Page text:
Typhoon Kilo, already the longest-lived tropical cyclone on on Earth so far this year, is well on its way to ending among the longest-lived on record at the end of this week. Kilo formed from a cluster of thunderstorms way back on Aug. 20, as a tropical depression south of Hawaii. Since then the storm strengthened to a very strong hurricane, the westernmost in a trio of Category 4s, marking the first time three storms of that intensity spun simultaneously in the northeast Pacific Ocean since satellite records began in the 1960s.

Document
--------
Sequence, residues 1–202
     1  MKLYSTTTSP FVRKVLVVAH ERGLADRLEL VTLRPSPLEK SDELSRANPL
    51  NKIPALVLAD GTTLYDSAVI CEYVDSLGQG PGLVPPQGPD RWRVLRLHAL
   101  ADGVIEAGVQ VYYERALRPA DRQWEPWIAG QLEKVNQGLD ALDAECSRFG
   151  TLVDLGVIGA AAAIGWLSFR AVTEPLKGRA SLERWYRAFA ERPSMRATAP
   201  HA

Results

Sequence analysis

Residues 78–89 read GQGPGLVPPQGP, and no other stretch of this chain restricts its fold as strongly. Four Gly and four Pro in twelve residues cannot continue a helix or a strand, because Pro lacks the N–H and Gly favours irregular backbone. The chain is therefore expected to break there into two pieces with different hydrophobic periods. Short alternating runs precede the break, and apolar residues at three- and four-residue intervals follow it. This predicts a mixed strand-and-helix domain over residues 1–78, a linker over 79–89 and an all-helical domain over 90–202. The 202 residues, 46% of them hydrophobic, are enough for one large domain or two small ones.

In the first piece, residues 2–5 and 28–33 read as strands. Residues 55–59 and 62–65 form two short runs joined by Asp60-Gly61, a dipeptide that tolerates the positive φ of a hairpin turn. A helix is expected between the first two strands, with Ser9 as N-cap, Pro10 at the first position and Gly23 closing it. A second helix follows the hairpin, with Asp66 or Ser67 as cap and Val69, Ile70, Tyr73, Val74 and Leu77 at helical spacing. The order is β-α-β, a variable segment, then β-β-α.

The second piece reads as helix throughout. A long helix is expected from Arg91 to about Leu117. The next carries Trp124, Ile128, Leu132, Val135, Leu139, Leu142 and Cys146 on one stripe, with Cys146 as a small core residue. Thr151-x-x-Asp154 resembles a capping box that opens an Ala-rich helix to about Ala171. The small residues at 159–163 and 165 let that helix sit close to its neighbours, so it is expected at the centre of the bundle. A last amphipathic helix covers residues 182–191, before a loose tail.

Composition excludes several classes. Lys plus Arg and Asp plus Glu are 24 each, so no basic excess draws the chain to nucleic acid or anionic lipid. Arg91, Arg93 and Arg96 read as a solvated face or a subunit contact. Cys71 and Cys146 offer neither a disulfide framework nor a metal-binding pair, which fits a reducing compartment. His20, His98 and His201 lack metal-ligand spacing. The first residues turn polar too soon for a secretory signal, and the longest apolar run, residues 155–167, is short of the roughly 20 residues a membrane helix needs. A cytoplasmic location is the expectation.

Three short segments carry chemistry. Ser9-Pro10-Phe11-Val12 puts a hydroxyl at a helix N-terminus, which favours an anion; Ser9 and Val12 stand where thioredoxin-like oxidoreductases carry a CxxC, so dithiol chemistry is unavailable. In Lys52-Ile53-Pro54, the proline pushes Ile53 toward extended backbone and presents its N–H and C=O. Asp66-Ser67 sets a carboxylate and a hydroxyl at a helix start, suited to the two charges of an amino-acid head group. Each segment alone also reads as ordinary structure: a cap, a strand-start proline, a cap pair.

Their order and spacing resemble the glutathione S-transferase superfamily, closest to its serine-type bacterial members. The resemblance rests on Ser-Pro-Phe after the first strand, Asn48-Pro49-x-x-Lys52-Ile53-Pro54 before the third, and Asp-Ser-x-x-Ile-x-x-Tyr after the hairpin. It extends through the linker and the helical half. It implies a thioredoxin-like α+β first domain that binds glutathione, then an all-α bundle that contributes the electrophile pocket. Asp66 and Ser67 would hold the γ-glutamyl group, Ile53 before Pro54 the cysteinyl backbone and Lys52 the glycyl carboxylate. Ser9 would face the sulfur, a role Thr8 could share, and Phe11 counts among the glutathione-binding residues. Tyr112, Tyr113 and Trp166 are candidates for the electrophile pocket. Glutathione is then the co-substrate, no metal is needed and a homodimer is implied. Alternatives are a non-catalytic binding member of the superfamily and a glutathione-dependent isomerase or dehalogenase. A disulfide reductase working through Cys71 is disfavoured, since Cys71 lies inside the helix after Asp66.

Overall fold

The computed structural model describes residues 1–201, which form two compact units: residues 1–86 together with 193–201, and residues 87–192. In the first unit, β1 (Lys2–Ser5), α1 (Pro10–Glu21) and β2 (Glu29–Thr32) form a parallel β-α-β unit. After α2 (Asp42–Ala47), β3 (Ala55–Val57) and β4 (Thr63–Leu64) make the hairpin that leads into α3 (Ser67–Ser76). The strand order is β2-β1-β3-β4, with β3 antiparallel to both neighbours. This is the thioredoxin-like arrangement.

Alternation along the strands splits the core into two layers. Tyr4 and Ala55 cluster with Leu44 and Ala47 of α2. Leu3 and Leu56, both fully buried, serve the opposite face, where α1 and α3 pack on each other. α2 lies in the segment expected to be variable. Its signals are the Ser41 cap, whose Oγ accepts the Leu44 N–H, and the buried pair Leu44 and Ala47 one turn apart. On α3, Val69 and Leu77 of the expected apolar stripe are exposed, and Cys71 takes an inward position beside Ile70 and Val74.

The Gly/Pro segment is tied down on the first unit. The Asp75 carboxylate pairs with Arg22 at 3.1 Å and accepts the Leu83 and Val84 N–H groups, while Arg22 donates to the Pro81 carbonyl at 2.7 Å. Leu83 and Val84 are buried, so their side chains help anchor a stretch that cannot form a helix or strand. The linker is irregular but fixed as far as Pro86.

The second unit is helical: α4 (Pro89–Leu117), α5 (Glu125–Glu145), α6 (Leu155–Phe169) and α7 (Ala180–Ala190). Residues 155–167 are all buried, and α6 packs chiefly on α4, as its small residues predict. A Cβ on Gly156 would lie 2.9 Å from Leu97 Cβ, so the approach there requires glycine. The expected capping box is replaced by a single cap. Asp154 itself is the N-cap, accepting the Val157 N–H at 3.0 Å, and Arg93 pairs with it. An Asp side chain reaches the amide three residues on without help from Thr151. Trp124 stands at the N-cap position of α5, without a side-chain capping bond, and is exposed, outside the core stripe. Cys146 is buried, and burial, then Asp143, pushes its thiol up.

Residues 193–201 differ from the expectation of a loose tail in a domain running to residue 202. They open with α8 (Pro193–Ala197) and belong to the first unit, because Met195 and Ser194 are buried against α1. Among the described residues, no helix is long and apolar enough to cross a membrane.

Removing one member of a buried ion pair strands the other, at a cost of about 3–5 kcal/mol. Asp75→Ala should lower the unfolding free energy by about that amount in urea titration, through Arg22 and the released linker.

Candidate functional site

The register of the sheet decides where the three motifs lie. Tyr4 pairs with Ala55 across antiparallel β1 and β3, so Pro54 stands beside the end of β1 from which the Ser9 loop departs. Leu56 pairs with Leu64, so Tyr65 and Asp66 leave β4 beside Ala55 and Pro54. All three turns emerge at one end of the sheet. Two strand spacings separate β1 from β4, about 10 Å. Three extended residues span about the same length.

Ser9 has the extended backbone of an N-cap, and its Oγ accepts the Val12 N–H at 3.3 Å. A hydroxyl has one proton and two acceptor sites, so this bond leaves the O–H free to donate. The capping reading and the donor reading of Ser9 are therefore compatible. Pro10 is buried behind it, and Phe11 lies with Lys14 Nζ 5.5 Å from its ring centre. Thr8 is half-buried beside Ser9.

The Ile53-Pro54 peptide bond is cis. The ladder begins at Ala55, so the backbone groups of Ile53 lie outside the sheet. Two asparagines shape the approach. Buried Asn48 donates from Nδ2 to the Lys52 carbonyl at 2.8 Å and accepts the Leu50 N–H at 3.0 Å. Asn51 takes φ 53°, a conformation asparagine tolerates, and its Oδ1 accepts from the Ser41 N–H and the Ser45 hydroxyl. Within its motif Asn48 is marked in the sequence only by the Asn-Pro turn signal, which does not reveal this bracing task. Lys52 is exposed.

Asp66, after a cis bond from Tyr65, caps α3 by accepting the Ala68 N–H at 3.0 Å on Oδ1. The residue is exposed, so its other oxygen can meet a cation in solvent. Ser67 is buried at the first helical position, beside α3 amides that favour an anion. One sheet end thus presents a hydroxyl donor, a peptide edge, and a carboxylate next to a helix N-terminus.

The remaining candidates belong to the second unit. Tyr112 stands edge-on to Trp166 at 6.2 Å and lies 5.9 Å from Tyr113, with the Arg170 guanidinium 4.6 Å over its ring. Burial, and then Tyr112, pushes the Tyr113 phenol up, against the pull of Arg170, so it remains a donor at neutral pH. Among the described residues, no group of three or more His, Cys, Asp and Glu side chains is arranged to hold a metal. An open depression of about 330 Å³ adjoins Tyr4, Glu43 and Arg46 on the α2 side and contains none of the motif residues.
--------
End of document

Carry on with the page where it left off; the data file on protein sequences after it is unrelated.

Then on Sept. 1, Hurricane Kilo crossed west over the international dateline and became a typhoon. East of the international dateline, Pacific Ocean cyclones are managed by NOAA’s Central Pacific Hurricane Center, which calls tropical cyclones “hurricanes.” The western side is monitored by the Joint Typhoon Warning Center, where tropical cyclones are called “typhoons.” FULL REPORT